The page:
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I Get Chills Every Time I Watch This

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Here is a 90 second video of Dave Ulmer, “The Father of Geocaching,” describing the contents of the very first geocache, and explaining his intent for the game. It is published in Today's Cacher and will be archived there for your future enjoyment.


Note that the file may take several minutes to download to your media player; it is definitely worth the wait.


Here is a May article from Today’s Cacher about Dave Ulmer. The history of geocaching is good reading, too. The original Usernet posts and emails that put life into geocaching are here. :o :o

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"There'll be thousands of these, it should be pretty good stuff"


I think he was a little more accurate than the first president of IBM who said that there'd be "a world market for maybe five computers" :o Five per house maybe, but certainly not just five!


That's a cool video! So many things don't have their origins, let alone a video of it. Too bad we don't have video of the cache placement, too!

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Blackeyed peas! I always heard it was beans. I guess blackeyed peas are beans.


There's an old Southern superstition that eating blackeyed peas on New Year's Day is lucky. My grandfather believed it so strongly, he had them bring him blackeyed peas on his deathbed. Then he died. Lucky, huh? My mother used to mail me a can every year. I finally realized...wait, I can't stand these things. I've still got the last can she sent me. Maybe I should go bury it somewhere.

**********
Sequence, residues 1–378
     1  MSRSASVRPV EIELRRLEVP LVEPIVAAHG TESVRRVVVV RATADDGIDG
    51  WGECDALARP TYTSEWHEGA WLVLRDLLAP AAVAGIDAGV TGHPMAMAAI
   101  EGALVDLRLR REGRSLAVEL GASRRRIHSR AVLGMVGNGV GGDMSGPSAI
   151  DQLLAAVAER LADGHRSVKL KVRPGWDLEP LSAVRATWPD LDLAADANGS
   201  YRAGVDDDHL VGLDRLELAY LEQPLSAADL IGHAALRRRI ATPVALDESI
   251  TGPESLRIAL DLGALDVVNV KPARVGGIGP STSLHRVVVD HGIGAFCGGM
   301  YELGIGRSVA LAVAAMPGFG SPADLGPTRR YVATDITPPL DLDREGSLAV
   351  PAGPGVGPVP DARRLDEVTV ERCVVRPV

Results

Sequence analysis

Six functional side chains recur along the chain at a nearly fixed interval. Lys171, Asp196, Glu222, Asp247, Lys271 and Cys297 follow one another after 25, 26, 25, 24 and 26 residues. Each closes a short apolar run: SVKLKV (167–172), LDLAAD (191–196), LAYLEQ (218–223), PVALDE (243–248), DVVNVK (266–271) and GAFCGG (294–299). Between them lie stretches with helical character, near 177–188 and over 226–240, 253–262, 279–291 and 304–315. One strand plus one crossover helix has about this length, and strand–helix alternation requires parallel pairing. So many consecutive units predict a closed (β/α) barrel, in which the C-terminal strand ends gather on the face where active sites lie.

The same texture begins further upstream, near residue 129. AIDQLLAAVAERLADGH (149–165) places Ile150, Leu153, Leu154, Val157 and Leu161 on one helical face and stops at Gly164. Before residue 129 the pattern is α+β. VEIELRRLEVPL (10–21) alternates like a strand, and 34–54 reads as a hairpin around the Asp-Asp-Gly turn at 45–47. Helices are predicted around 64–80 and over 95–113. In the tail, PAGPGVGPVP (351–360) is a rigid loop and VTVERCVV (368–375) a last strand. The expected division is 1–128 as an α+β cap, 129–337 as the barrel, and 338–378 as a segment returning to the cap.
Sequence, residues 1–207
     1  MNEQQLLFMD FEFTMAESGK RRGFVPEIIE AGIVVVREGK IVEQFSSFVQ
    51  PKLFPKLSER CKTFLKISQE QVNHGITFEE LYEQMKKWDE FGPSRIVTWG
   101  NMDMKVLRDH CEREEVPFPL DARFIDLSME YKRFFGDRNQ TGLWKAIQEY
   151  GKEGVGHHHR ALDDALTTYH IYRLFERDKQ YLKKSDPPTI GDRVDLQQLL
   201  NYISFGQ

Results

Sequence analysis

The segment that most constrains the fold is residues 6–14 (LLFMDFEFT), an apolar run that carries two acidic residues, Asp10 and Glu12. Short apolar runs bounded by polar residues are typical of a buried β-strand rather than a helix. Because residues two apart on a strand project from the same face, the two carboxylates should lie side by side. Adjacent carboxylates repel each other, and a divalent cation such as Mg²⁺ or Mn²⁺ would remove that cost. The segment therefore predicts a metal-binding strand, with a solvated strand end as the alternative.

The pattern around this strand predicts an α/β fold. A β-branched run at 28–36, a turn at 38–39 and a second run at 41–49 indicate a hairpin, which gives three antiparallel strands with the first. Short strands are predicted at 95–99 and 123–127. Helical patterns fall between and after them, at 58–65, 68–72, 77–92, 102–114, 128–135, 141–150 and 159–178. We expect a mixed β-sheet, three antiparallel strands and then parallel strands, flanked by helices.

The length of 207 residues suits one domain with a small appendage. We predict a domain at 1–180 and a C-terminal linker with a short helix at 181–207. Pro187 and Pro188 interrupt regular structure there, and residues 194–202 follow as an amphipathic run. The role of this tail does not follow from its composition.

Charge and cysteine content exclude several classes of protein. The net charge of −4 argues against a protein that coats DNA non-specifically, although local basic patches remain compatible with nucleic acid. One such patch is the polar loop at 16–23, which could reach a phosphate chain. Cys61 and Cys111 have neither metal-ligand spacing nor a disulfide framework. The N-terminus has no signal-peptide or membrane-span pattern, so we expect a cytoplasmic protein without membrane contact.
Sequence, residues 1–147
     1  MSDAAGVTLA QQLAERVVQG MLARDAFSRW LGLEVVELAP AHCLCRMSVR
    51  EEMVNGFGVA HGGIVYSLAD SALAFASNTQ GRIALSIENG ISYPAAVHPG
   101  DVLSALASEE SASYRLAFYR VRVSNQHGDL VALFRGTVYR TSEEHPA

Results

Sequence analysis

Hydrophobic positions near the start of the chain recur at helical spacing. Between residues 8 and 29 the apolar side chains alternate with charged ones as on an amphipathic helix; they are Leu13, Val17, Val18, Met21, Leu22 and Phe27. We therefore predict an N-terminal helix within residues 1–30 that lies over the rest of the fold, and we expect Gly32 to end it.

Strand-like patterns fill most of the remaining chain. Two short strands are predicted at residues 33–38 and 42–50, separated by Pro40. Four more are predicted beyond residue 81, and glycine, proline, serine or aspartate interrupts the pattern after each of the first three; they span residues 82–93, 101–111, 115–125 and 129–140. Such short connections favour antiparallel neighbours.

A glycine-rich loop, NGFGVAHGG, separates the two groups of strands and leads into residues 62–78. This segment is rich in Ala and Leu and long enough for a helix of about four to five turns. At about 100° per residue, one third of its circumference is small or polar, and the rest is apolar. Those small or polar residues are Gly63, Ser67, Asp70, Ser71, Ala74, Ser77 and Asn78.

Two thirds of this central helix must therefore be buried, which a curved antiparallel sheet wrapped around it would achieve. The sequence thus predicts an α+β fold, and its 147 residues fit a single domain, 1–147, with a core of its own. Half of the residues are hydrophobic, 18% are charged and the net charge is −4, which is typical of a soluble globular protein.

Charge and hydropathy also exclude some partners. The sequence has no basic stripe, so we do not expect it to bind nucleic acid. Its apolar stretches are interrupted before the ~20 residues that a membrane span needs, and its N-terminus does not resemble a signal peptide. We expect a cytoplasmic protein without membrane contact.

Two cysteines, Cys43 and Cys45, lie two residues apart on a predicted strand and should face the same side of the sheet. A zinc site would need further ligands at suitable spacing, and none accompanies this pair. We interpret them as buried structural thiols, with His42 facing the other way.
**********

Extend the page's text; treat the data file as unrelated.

But I digress.


The Ross Perot book was pretty funny, too.

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Is this legit? Or a clever re-enactment?


This can't be real. Is it? Who can authenticate this?


Very cool either way.



Having spoken to Dave by phone when I did the original interview with him for the mag back in May, I can say that it sounds like him. At that time he gave me a list of everything in the cache, including the slingshot that you see in the video.


El Diablo

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SA was turned off in May. Check the date on the stash note and you will have your answer.

If he had placed the cache on the date scribbled on the note pad, that would certainly have added to the challenge. :o

Which is another thing that makes it authenic. When I talked to Dave he had mentioned that he had misdated the original log book.


El Diablo

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The article on todays cacher says

The first logbook was damaged and Dave didn't keep it. At the time, he had no idea of its importance as a historical document.


But yet he keeps an old video tape of the first hide? That seems conflicting to me.

The tape wasn't damaged. The log book was totaly trashed from being wet.


El Diablo

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I've seen that rusty old can of beans. Team 360 brought it to an Event Cache at Cabela's in Dundee, Michigan last December.


I took a picture of it too not knowing at the time what significance it had, just knowing that since he had taken such care with it that it meant something to our hobby.


It was suspended by a magnet inside a clear acrylic box, rusty as all get out, with holes, (needed the magnet on top of the container to keep it from collapsing on itself) but just like anything else, it doesn't have to be pristine to be part of history.



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What blows my mind is the guy that invented geocaching (or stashing) has only 13 finds and a handful of all archived hides (under that profile, at least).


And people are stressing about having to get 500, 750, or 1000+ hides...




The video is VERY cool, BTW!!

Dave has a lot more than that, he just dosen't log on line.


El Diablo

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